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Guest Column: Making sure that infants sleep safely

September 12, 2013|By Deanne Tilton Durfee

It's a parent's worst nightmare to lose a child. But every five days in Los Angeles County a baby suffocates while sleeping, making bed-sharing and unsafe sleep environments the leading preventable cause of infant death in the county.

According to recently released data from the Inter-Agency Council on Child Abuse and Neglect, between 2008 and 2011 more babies died from suffocation due to unsafe sleep than all accidental deaths for children under age 14 combined. This means that unsafe sleeping kills more babies than drowning, poisoning and car accidents.

These infants are dying from a number of suffocation dangers. Autopsy reports conducted by the Los Angeles County Coroner reveal that the top causes of suffocation include babies sharing a bed with parents or sleeping on a couch; cribs cluttered with blankets, pillows, bumper pads and stuffed toys; and babies sleeping on their sides or stomachs.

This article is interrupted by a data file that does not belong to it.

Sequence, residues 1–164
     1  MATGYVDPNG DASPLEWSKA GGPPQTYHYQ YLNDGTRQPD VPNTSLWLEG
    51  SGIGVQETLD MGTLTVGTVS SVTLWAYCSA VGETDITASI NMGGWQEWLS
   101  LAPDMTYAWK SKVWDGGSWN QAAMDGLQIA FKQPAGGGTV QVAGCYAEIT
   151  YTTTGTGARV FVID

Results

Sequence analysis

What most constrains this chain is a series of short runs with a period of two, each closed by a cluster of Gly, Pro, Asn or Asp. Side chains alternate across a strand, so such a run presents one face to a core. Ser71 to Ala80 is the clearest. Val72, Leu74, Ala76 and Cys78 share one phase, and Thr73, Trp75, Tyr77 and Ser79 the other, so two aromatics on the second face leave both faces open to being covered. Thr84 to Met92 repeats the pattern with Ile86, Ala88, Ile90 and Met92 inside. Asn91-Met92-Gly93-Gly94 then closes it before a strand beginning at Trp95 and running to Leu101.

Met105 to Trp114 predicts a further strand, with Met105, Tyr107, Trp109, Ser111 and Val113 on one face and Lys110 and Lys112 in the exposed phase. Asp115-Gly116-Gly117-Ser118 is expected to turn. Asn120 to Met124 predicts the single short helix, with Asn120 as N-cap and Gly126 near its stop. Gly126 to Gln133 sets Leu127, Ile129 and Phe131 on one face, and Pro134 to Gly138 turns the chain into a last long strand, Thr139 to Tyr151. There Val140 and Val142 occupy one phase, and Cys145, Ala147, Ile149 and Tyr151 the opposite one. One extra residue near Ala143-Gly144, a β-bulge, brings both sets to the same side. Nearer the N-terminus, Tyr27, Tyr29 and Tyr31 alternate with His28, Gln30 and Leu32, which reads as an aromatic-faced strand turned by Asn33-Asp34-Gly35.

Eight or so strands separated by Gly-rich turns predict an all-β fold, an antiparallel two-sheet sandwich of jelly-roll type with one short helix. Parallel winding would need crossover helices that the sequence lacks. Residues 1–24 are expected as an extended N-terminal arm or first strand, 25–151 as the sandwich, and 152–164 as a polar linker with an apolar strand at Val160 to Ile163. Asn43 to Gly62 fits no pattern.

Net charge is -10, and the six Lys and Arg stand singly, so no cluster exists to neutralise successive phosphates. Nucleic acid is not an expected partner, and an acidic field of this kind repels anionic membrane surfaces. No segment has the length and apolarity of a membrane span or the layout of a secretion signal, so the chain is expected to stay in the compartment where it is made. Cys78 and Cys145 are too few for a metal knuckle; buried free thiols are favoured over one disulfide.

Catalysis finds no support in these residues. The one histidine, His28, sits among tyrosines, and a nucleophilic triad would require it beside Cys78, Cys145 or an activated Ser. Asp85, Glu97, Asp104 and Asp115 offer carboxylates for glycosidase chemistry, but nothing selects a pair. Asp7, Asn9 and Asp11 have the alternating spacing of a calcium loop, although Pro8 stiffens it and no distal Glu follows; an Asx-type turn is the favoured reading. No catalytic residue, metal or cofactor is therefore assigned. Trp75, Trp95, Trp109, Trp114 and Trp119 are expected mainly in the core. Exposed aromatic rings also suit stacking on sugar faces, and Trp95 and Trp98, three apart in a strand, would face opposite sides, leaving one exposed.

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Infants younger than the age of 1 are at greatest risk of suffocation because their bodies are still developing. For the first three to four months, babies can only breathe through their noses and don't have the strength to move their heads. A baby's nose, unlike an adult's, doesn't have cartilage. So when that nose is pressed against an object like a stuffed animal, couch cushions or even a parent's arm while sleeping in bed, it can flatten easily. With the opening to its nostrils blocked, the baby can't breathe and it suffocates.

This type of death is silent and quick, occurring within seconds. Even the lightest sleeper wouldn't necessarily be able to save their baby and baby monitors won't catch these deaths either.

However, by taking a few precautions, every parent and caregiver is capable of putting their baby to sleep safely.

These precautions are simple. The American Academy of Pediatrics recommends sharing a room — not a bed — with a baby, and keeping cribs clear of blankets and soft objects. ICAN's Safe Sleep for Baby campaign endorses the same recommendations because there is no scientific evidence that bed-sharing is safe. However, there is evidence that it increases the risk of sudden infant deaths and infant suffocation.

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